The transport ministry announced Friday that 10 locations have been granted their requests to appear on vehicle license plates.

The top line on license plates bears the name of the location of the issuing office. The local governments asked to get their name on the plates so they can promote their area.

The successful applicants were Morioka and Hiraizumi in Iwate Prefecture; Koriyama, Fukushima Prefecture; Maebashi, Gunma Prefecture; Kawaguchi and Koshigaya in Saitama Prefecture, Setagaya and Suginami wards in Tokyo, Kasugai, Aichi Prefecture; and Amami, Kagoshima Prefecture.

Hiraizumi is a World Heritage site famous for its temples, gardens and archaeological sites.

The Land, Infrastructure, Transport and Tourism Ministry declined a request to add of Asuka, Nara Prefecture, to the list because it did not clear the requirement that there must be at least 100,000 vehicles in the area.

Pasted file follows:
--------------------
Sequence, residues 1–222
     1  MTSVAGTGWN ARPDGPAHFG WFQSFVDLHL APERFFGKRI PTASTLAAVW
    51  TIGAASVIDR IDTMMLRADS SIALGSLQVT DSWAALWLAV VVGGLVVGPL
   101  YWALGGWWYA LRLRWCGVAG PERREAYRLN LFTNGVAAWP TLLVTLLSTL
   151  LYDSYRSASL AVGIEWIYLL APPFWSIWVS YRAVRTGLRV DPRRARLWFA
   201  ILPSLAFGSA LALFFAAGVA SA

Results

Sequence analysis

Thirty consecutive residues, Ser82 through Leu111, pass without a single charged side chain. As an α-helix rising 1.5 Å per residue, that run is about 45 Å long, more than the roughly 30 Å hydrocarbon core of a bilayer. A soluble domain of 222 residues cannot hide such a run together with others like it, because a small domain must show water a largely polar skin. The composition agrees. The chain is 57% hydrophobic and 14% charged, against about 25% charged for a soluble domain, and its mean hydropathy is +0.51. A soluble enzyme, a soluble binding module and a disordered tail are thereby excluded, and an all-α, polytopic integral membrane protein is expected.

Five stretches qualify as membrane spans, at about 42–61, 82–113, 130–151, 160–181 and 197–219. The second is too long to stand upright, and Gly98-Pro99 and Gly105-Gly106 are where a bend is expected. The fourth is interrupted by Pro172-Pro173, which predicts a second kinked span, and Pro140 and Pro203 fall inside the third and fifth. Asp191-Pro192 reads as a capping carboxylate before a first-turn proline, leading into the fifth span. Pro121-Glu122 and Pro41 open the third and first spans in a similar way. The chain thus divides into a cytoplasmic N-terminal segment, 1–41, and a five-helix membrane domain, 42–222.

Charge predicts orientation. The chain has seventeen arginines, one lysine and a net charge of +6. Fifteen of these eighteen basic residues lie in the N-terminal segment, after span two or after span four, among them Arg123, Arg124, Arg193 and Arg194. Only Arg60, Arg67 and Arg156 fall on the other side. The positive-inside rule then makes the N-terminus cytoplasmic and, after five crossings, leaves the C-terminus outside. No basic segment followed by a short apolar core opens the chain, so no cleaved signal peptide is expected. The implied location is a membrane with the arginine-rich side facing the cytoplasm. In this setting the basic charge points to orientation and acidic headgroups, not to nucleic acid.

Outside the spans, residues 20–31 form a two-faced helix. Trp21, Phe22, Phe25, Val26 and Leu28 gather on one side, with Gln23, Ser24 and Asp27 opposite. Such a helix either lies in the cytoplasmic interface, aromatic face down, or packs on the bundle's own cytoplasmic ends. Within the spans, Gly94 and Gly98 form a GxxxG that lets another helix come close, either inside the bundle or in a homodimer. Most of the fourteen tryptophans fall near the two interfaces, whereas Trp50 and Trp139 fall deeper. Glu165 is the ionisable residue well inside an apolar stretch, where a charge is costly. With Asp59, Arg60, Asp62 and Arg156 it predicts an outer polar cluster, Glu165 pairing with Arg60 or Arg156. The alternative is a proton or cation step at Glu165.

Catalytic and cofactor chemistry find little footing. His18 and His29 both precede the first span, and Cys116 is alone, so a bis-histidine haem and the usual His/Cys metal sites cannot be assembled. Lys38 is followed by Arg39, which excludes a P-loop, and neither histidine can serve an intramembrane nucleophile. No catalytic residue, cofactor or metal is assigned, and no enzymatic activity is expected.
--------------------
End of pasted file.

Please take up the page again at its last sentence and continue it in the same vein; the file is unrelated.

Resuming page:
Four neighboring cities, including Kashihara, are soliciting other local governments to join so they can meet the requirements to get Asuka on the plates. The ministry is accepting applications through October so those local governments can apply again.

The number of vehicles in Amami falls below 100,000, but it was accepted as the requirement is relaxed for remote islands.

In addition to the vehicle tally, the ministry considers the reason for the requests and whether local residents support the move.